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Travel: I didn't gimp out of stag shenanigans in Barcelona; Presenter Julyan Sinclair is a good sport.

Byline: Julyan Sinclair

Depending on when you got up today, right now I'm either running around trying to find my tie, standing at the altar hoping my fiancAe Simone Luca turns up, or I'm a married man.

Organising a wedding is women's work. I'm not being sexist but show me a man who takes as much interest in the arrangements as his bride- to-be and I'll buy that man a pair of light loafers.

Other than nodding at suggested colour-schemes, we men have bigger fish to fry in the big pond of wedding organisation. Stag do in Barcelona? Couldn't recommend it highly enough.

Organising 15 yobs to go anywhere is no easy task but getting them abroad within a reasonable budget is a nightmare. After agreeing a date and location, Bryan and Cameron - my two best men - thought the hard work was done. Not so.

In a world of E-booking it's hard to find a firm who can cater for a party of 15, nine leaving from Glasgow and six from London so Cameron employed the old-fashioned method and thanks to Ridgeways Travel in Orkney it was all taken care of.

The party was split between apartments on Calle Santa Monica (just off the foot of Las Ramblas) and the Auto Hogar Hotel on Avenue Parallel, which runs parallel to Las Ramblas at an average price of 30 euros per person per night.

On Friday lunchtime we set the pace early with a few doubles in Glasgow Airport. Upon arrival we strolled down Las Ramblas and was stunned by the city's beauty.

The five parts to Las Ramblas (which means dried flowers - you figure it out) all have streets running off in no particular form. As much as I slag off Brits abroad, it was most amusing when the 15 of us sat outside a tapas bar, pulling all the tables together.

Bearing in mind it was 6pm, it's not surprising the locals, who eat four hours later, scoffed at us. Not to mention in our T-shirts and shades in nine degrees and dwindling light we looked preposterous. I certainly did when I was held in my chair and gimp mask was produced.

I've never worn anything more uncomfortable. How people get their kicks from this kind of thing I can't imagine. Since we'd already been drinking for eight hours, I didn't need much persuasion to run up to unsuspecting locals in my mask and the video footage is something I hope doesn't turn up in the best men's speeches.

don't know any pub in Glasgow which would let in a crew as big as ours but the attitude of publicans, restaurateurs and locals in Barcelona made me realise many places in Scotland are disappearing up their own posteriors. Barcelona isn't interested in whether you have the right gear, its focus is on enjoyment. That ethos carried through into our search for 'the dancing'.

Cameron, a fluent Spanish speaker, got us into a club for my funniest ever night of clubbing.

Someone realised they played cheesy pop upstairs and there was a stage with a curtain. The events that followed were probably not as funny as we all thought but to see our staggers get on stage, hide behind the curtain and jump out to roars from the crowd below was one of the funniest things I've ever been party to.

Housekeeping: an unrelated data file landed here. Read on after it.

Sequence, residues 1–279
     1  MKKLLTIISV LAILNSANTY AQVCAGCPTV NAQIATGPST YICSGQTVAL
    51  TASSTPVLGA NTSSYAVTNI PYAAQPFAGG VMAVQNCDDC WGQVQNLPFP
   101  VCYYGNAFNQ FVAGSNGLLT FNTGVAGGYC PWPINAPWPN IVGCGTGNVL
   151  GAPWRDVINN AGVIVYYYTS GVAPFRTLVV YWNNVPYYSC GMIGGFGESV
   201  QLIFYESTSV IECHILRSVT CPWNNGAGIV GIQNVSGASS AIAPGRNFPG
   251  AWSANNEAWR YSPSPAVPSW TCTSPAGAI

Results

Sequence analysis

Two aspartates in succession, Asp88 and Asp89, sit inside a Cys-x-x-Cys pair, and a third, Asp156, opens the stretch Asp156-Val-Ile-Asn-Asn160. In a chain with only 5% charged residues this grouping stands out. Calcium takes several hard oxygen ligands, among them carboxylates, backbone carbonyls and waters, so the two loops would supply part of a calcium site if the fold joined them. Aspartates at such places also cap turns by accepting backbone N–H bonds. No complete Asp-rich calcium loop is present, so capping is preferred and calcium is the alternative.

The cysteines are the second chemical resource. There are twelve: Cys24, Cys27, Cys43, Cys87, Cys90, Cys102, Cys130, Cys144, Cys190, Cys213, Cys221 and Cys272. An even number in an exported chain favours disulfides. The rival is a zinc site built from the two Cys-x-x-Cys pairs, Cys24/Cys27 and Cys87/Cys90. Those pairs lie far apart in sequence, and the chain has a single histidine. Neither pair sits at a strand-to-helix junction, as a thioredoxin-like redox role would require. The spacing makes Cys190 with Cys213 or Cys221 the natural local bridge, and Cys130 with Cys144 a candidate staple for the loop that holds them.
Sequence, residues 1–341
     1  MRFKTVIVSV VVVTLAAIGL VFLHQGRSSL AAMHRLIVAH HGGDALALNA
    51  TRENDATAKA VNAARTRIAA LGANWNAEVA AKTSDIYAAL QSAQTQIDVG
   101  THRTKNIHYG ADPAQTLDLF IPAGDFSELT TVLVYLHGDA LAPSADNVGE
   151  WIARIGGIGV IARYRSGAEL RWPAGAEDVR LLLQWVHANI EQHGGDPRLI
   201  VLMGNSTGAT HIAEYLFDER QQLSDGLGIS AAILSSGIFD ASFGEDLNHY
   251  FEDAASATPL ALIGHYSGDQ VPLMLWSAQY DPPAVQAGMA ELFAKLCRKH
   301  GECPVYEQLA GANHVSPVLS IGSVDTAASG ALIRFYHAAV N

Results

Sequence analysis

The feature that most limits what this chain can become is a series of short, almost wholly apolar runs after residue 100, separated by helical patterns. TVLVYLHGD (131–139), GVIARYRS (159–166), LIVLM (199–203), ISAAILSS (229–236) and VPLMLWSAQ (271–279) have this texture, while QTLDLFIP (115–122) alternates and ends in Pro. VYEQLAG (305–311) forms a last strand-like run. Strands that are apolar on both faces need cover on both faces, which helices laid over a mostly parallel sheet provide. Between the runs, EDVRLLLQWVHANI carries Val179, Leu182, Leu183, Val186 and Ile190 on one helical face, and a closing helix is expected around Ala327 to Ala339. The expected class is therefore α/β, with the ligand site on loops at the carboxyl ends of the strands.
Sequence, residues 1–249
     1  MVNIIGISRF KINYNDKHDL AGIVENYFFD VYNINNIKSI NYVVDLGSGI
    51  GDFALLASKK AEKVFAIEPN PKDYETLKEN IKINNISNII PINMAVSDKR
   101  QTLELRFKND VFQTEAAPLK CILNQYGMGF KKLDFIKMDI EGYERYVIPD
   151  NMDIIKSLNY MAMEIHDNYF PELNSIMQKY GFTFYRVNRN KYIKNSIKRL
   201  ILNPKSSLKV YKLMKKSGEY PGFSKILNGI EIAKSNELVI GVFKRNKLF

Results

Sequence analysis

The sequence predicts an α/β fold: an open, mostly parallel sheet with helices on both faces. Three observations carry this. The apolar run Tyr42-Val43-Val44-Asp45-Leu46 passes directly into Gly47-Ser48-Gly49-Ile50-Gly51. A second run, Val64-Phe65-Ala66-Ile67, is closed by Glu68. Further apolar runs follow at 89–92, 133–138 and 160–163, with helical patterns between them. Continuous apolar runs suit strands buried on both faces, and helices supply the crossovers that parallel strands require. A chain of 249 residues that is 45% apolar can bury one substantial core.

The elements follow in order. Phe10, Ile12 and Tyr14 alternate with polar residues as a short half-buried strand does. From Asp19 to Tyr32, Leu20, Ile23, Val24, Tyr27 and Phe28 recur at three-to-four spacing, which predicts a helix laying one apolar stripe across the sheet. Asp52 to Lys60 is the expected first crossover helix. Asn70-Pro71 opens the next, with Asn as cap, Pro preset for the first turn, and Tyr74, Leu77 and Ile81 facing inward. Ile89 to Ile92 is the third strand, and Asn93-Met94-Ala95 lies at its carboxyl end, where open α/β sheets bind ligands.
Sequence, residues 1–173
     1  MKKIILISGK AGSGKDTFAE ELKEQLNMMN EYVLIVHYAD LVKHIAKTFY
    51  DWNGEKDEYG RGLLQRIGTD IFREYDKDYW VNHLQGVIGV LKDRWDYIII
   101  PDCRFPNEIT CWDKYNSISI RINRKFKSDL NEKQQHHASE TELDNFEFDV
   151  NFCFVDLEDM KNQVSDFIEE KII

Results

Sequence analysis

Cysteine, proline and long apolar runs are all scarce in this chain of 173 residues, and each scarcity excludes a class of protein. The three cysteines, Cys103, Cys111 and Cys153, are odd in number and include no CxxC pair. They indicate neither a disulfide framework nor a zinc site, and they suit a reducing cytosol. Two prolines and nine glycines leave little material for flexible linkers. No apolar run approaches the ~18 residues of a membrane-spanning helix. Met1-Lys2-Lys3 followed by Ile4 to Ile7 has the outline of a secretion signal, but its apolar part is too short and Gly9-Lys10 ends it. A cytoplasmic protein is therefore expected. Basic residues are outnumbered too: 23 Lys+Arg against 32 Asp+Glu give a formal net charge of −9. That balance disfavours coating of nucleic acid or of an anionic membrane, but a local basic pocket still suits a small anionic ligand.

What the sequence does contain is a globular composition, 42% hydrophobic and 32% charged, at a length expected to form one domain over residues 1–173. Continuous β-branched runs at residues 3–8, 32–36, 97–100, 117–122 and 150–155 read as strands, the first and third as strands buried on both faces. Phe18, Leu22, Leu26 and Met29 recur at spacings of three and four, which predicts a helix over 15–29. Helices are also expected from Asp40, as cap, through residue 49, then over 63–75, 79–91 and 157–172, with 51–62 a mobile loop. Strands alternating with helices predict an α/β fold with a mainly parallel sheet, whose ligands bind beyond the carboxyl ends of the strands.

On day two, we gathered on Las Ramblas about noon and after several hairs of the dog it was business as usual. began to suspect the gimp mask had only been the beginning and my fears were confirmed. First came a latex mini-dress, then a naked lady belly dancer fat-suit. Our only near-jail experience came when I climbed one of the many beautifully carved stone monuments in my fat-suit, which resulted in a couple of police siren blasts.

We rolled into the bar area just south of Avd Diagonal where the concentration and mix of Spanish and Irish bars was perfect. When a thirst needs quenched there's nothing like the anticipation of 15 pints of Guinness settling on a bar. We then embarked on another night dancing.

On day three we got round to a bit of culture.

Sadly, Barcelona and Espanyol's football fixtures didn't tie in with our visit but just to stand in the Nou Camp stadium is a memorable experience.

Tour prices are reasonable, as long as you avoid the merchandisers. I was determined to see the famous La Sagrada Familia. Gaudi worked on this for 40 years until his death in 1926 and have never seen a building like it.

Construction isn't scheduled to finish until 2030, and although I know a few builders with a similar timescale none would be fit to lace the boots of those working on this masterpiece.

The trip home was a nightmare, hangovers and turbulence but this was the probably the best weekend I've ever had. There is no question I will go back to Barcelona and explore it more soberly, and I suggest if you get the chance then do the same.

Just watch out for the gimp

I LOVED: Even though it is such a beautiful city, the locals don't take themselves too seriously I HATED: The fact there were so many pick-pocketing kids


Julyan found time for some culture with a visit to La Sagrada Familia; Julyan, right, best man Cameron, left, and the stags start as they mean to go on at Glasgow airport; Julyan in his belly dancer fat-suit with Cameron
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Title Annotation:Features
Publication:Sunday Mail (Glasgow, Scotland)
Date:May 29, 2005
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